Patients Peeved About Cleveland Clinic ‘Facility Fee’
A fee for patients at Cleveland Clinic is upsetting some patients who are complaining to the Ohio hospital, their insurance companies and even members of Congress. They say they can't afford the expense in the current economy, according to The Plain Dealer.
The Plain Dealer reports: "Facility fees, as their name implies, help hospitals pay for overhead costs including building maintenance, equipment, supplies, staff salaries, streamlined transfer of records and subsidized care for the poor." The paper notes: "The reason the fees are an issue now is that as of March 1, the Clinic began adding them to bills for outpatient treatment at nine of its 15 family health centers." The paper reports that "health-care experts say patients can avoid the fee by choosing doctors in private practice instead of those in hospital-owned practices." It also notes: "Insurance rules vary, but what often happens is that patients with private insurance end up paying all of the facility fee until they reach their deductible."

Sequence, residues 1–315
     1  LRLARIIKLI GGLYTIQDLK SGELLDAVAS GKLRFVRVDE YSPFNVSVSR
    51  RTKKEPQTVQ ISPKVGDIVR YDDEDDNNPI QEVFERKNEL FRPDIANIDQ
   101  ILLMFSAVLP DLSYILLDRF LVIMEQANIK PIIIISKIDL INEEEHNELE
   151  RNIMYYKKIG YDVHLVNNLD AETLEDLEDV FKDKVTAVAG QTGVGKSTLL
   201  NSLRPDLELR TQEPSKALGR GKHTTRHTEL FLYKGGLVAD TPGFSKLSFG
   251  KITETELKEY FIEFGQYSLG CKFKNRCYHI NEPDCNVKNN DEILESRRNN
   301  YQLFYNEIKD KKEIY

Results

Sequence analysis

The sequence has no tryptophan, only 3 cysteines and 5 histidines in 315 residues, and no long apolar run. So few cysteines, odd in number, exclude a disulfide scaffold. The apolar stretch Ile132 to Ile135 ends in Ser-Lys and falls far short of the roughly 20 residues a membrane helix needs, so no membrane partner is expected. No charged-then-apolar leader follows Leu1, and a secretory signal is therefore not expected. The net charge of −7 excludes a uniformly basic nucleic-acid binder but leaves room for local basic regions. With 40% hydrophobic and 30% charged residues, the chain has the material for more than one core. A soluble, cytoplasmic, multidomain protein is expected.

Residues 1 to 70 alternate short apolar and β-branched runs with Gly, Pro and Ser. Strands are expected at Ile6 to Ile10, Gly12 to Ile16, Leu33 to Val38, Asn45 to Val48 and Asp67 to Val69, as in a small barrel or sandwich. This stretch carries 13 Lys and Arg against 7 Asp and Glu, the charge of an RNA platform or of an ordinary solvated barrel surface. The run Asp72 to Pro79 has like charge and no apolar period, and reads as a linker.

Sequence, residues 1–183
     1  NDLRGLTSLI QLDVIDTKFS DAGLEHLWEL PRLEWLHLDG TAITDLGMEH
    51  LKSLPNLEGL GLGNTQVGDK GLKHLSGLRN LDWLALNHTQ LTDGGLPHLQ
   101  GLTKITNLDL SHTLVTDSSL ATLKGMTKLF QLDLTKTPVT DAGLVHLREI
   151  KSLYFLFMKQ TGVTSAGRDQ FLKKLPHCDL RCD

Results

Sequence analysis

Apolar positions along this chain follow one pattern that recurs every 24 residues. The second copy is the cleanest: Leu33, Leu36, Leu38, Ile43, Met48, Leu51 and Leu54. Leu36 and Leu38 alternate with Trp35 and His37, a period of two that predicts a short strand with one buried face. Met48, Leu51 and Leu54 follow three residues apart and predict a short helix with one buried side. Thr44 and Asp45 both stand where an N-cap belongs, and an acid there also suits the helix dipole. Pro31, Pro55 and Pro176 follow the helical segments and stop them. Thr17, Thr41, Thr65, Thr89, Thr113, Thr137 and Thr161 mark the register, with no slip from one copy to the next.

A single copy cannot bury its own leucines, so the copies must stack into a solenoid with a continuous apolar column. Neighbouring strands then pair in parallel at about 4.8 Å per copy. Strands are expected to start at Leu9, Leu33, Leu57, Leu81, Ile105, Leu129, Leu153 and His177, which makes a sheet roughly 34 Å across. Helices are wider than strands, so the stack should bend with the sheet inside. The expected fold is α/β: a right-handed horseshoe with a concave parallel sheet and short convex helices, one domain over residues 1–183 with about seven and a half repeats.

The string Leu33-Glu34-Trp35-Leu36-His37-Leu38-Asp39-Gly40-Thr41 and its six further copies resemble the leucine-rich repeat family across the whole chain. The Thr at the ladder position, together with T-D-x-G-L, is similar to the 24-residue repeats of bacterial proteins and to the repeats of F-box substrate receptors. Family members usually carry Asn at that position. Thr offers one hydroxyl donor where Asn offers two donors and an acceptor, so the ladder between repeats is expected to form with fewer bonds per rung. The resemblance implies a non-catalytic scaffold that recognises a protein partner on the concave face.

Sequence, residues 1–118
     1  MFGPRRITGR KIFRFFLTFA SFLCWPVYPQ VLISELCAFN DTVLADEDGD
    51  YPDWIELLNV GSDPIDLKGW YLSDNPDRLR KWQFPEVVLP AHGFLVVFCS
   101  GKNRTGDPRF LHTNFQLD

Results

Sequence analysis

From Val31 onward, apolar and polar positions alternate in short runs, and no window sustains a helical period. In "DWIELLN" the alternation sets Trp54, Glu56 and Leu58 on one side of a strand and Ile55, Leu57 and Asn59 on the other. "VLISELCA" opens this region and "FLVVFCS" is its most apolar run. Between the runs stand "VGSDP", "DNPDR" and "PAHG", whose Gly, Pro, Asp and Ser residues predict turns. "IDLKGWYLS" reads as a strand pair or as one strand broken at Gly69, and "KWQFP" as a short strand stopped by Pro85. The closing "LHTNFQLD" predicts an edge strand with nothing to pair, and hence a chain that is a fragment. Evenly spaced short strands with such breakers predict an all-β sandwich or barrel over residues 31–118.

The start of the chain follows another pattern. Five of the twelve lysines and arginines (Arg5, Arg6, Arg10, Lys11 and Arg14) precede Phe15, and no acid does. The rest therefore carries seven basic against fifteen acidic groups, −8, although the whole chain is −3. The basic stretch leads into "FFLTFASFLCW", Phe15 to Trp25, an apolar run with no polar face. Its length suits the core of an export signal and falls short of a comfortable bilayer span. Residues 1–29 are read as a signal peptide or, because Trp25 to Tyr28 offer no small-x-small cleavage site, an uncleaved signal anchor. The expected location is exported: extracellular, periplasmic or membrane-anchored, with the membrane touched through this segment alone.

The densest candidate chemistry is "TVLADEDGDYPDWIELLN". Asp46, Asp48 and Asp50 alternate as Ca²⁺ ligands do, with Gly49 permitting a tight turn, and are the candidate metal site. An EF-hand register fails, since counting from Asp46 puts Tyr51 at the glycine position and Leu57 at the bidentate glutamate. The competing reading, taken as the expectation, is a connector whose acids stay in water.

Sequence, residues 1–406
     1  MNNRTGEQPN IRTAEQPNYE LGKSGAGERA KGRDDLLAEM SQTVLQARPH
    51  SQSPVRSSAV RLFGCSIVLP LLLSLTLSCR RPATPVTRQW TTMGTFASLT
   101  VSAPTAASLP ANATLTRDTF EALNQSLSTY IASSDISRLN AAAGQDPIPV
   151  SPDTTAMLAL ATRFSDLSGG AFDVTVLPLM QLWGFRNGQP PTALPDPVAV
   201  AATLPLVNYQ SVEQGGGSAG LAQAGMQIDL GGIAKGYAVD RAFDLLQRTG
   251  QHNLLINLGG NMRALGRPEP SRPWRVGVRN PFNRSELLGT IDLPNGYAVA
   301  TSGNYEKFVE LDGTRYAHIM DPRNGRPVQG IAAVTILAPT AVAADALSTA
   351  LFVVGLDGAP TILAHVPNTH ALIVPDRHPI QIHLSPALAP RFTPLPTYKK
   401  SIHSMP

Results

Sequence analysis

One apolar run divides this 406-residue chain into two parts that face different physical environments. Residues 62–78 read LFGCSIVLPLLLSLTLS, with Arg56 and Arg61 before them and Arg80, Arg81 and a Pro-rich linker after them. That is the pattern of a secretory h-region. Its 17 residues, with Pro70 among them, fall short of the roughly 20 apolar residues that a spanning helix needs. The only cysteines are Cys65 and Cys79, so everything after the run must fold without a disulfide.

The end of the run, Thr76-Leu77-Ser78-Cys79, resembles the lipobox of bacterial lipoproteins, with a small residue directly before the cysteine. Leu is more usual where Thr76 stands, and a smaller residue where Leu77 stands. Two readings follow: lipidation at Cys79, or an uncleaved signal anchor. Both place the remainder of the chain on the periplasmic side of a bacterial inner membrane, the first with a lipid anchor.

"The fees are becoming more common as hospitals take over more and more medical practices which must meet the hospitals' higher standards," The Plain Dealer reports. "The fee is rooted in regulations that govern Medicare -- the federal government's health-care plan for the elderly. It's designed to reimburse hospitals for their overhead costs. Medicare has paid it for years... (but) Medicare won't reimburse a hospital for a fee charged to its patients unless the hospital charges that fee to non-Medicare patients, too. ... So if hospitals don't bill everyone for facility fees, they can't collect them from Medicare patients." However, others argue that hospitals are using the facility fees as another way to generate more money. Alan Sager, a professor at Boston University School of Public Health, says there are understandable reasons why hospitals are adding the fees: "Hospital margins are down. Their investment income is down and some of their patient revenue is down because there are fewer insured people and fewer paying customers" (Suchetka, 6/16).This is part of the KHN Morning Briefing, a summary of health policy coverage from major news organizations. Sign up for an email subscription.